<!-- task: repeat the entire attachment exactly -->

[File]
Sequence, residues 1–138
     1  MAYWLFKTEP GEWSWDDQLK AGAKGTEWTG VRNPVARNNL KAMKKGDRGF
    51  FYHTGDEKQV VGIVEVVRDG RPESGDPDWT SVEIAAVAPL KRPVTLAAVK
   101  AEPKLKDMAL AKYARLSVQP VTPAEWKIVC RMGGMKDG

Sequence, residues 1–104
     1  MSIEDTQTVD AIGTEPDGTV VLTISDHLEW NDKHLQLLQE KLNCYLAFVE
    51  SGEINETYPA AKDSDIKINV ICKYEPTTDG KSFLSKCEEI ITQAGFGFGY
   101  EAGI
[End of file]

Sequence, residues 1–138
     1  MAYWLFKTEP GEWSWDDQLK AGAKGTEWTG VRNPVARNNL KAMKKGDRGF
    51  FYHTGDEKQV VGIVEVVRDG RPESGDPDWT SVEIAAVAPL KRPVTLAAVK
   101  AEPKLKDMAL AKYARLSVQP VTPAEWKIVC RMGGMKDG

Sequence, residues 1–104
     1  MSIEDTQTVD AIGTEPDGTV VLTISDHLEW NDKHLQLLQE KLNCYLAFVE
    51  SGEINETYPA AKDSDIKINV ICKYEPTTDG KSFLSKCEEI ITQAGFGFGY
   101  EAGI